Izmir, formerly called Smyrna, was occupied by humans between 6500BC and 4000 BC. It was settled by Greeks around the 10th century BC. It is believed that the famous author Homer was born in Smyrna. In 95 AD, the apostle St. John wrote a letter addressed to seven fledgling churches located in what is now western Turkey, Smyrna being one of them. The letter was canonized as part of the bible and is called The Book of Revelation. Under the Ottomans, Smyrna emerged as an important port city and became multi-national and contemporary. They also exported many popular products to Europe, such as raisins, figs, and carpets, and were known for their unique musical style. Smyrna was the center of the war between the Turks and Greeks post WWI, which left the city completely destroyed. Today it is the third largest city and second largest port in Turkey.
We were still on the main highway, and we drove about half way around the bay before we realized we were lost. We pulled over at a gas station and asked for a map. No maps. Eric remembered that he could pull up a map on his cell phone. He expertly navigated his way into downtown using the cell phone. From what we could see, there were sections of town from the turn of the century that were neglected and dilapidated, and sections of town that are brand new and gorgeous, and everything in between. The buildings here are colorful, which is a stark contrast to Bodrum where they are all white. The bay has a large commercial container port area that dominates a big section of the bay. There is a fleet of military ships in the bay near the container port area. The roads are really great — wide and well maintained, with excellent signage. All the streets are two ways, many with nicely landscaped medians. The drivers are just as bad, though, and driving is still pretty scary. And, despite the fact that this is a huge, contemporary city, we saw goats running in the road at one point. Here is a typical street in downtown.
We had skipped lunch and were starved, so we made a stop for food at a little hole in the wall along one of the main roads. The boy behind the counter spoke no English at all. He pointed to Continue reading
First a little update on our stabilizer repair. Our active fin hydraulic stabilizers are made by American Bow Thruster. ABT has been great to work with so far. They found a repair person for us here in Bodrum and shipped the part needed for the stabilizer repair. The part is supposed to arrive in two days. The repair guy asked if he could come and take a look at the boat this morning, wanting to see for himself what needed to be done to make sure he has all the right parts and tools on hand when he comes back to do the work. Three repair guys came by this morning at 1030, poked around the interior and exterior of the stabilizers, and by 1100 they were gone.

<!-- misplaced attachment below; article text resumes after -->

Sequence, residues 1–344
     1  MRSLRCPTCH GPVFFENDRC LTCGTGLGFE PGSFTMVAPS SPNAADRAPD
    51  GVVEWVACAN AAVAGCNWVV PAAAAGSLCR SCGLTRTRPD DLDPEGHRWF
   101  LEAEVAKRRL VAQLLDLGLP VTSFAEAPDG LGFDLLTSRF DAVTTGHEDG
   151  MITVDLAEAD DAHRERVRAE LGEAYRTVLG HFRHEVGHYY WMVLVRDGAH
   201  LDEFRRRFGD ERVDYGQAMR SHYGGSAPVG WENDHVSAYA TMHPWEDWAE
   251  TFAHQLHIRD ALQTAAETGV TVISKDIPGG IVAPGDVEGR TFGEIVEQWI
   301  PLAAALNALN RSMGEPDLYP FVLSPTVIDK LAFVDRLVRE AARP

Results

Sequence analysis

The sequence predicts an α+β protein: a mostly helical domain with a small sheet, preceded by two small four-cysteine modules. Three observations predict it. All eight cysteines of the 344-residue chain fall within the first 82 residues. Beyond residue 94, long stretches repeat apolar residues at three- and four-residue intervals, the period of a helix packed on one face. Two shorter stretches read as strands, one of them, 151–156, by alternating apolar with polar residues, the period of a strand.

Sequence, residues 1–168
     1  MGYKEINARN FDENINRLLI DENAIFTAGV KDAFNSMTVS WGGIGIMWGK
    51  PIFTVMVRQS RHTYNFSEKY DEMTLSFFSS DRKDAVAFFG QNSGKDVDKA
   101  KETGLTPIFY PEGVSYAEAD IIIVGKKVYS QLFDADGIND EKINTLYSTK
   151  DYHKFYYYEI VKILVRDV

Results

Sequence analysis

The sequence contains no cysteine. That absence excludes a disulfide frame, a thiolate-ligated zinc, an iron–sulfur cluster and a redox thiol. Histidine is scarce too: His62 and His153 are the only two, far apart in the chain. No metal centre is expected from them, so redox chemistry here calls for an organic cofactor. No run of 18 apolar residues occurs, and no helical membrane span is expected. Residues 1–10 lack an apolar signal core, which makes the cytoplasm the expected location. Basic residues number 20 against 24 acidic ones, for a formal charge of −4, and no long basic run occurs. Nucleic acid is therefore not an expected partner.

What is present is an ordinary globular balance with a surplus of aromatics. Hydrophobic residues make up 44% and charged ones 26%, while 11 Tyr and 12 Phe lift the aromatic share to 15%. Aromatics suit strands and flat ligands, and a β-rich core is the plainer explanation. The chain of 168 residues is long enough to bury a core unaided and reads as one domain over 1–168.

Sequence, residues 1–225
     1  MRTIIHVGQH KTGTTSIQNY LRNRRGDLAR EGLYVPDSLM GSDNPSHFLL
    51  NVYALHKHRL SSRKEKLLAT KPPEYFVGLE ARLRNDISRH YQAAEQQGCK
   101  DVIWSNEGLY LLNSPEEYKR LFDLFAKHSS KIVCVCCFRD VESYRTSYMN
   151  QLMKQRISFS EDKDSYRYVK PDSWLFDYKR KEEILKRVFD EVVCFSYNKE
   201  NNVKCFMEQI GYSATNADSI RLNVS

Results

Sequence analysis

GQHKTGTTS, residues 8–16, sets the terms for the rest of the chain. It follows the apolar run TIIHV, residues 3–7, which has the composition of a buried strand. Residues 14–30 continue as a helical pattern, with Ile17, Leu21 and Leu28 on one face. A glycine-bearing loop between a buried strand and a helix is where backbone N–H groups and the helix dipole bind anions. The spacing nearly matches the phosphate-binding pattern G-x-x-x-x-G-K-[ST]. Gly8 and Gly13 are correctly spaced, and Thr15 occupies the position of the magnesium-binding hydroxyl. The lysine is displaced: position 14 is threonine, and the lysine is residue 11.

Once they left, we headed out to do some sightseeing. We drove up to Continue reading
We have been agonizing over a pasarelle. A passarelle is basically a walkway that connects your boat to the sea wall when you are Mediterranean moored. Mediterranean moor means that you back into a spot in between two boats and tie the back of your boat to a sea wall. The boat is not usually close enough to the back wall to easily get on and off the boat, which is where the passarelle comes in. Many people skip installing a passarelle and simply use a wooden board. We tried the wooden board in Greece, but it slid around and it felt unstable. In Greece and at DMarin, we would yank on the ropes to bring the boat close enough to the wall that we could jump to and from shore. Both the wooden plank and the jumping were a little scary.
So why would installing one be an agonizing decision? First of all, Continue reading
Our first task of the day was to wash out the chain locker. We cleaned out all the salt and dirt and picked up all the debris that had collected at the bottom. It wasn’t nearly as dirty as we had expected it to be, but there was more debris in the bottom than we expected, which affects the water’s ability to drain.
Once the locker was done, Eric Continue reading
Today we were up early and got right to work. Christi scraped barnacles off the metal on the underside of the boat for 7 hours. It was infinitely easier to scrape most of the metal out of the water than in. The exception was the stabilizer keel cooler, which is equally hellacious both in and out of the water. Christi found barnacles in every crack and crevice, including places that she hadn’t even realized existed. She was shocked to find that several of the barnacles stuck to the top of the main engine keel cooler were bigger than American half dollar coins. It is amazing that the keel coolers continue to work just fine despite the barnacles.
Eric’s first task of the day was to Continue reading